I’m on the road this week, braving the great American ice storm to visit my parents in New York and then my son up in Boston. I tell you, it makes me long for the relative moderation of a London winter.

While I have been travelling I’ve been using my new iPad all the time, not only for facebook, twitter, writing this blog and emails, but also for reading ebooks. The experience of the past few days has made me realise that the list of truths about ebooks that I posted last week is not quite complete. I have two more points now to add to the list:

* I have gotten used to eating alone in restaurants. It’s not so easy for a woman on her own to do. We tend to feel self-conscious and out of place. The solution is often to bury yourself in a good book. But it can be hard to eat and read at the same time. Both activities need your hands, especially if the book is of any size and weight. With a paper book, that means you are left to read between courses, and stare off into space as you munch. But with an ebook, you can put the device beside you on the table, turn the pages with a flick of a finger, and read while your hands are otherwise occupied wielding your cutlery. To me, this is a worthwhile advance, indeed.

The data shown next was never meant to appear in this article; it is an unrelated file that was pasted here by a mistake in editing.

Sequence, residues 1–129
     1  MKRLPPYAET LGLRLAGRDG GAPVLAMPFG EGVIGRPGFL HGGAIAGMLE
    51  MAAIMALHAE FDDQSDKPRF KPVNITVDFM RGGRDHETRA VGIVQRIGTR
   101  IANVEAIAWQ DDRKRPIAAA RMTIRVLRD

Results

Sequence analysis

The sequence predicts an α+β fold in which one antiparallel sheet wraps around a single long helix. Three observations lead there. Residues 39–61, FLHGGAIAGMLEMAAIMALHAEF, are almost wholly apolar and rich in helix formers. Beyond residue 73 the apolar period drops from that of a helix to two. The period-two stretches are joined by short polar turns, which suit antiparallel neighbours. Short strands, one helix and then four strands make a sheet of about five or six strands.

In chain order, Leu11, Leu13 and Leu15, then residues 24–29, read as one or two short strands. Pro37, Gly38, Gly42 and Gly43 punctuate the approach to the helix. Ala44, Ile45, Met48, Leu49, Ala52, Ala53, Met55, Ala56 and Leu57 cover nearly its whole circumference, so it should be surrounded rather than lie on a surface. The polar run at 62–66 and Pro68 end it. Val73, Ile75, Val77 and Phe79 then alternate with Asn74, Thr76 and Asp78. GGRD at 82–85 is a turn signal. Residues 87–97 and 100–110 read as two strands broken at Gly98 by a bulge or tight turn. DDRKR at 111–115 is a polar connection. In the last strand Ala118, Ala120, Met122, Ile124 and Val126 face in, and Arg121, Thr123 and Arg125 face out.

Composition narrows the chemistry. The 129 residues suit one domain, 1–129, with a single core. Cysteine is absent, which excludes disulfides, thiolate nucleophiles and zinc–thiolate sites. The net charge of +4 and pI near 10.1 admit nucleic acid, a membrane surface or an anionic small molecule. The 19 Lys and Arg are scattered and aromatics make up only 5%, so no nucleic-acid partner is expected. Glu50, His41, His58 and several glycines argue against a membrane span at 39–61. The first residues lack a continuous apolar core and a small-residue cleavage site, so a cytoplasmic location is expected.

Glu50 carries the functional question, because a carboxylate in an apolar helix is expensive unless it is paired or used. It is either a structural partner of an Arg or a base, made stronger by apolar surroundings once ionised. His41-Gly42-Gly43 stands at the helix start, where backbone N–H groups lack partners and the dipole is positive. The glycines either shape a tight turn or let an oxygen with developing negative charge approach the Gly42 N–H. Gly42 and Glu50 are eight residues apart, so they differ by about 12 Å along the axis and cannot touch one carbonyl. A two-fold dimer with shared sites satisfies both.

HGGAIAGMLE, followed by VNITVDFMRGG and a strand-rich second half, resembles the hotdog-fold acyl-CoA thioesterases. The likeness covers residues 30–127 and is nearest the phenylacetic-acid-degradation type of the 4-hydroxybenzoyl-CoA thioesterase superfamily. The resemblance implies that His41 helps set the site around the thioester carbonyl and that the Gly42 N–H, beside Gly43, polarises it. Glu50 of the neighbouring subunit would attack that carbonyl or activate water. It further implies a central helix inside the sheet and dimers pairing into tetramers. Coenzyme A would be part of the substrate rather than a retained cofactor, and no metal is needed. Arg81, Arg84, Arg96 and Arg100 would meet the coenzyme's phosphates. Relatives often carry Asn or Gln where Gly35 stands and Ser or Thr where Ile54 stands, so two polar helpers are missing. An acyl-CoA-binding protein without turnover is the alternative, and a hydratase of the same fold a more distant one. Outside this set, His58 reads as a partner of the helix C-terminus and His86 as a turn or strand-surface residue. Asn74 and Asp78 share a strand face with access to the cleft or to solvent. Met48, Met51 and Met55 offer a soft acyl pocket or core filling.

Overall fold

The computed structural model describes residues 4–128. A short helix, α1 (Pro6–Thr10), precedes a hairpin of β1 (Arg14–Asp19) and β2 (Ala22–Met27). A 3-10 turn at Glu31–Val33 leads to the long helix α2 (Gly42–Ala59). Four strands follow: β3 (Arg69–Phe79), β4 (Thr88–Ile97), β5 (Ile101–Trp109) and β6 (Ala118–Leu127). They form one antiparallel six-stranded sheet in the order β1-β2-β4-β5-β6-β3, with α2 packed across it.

* My mother is a voracious reader and I often pass books onto her that I know she will like. This practice of passing along books is a tricky one. Okay, it’s not so good for writers and publishers who would prefer books to be bought, not borrowed. But there is a wonderful sense of shared intimacy that can arise around sharing books, and that sort of special camaraderie is not to be taken lightly. But an ebook can not be shared. You can’t lend your device to someone else for a few months so they can read your new favourite book. All you can do is tell someone about the book and hope for the best. No, ebooks are not for sharing, and although this may be good for the industry, it might not be quite so good for civilisation.

So, I think this now covers all my discoveries about ebooks. Have I forgotten anything?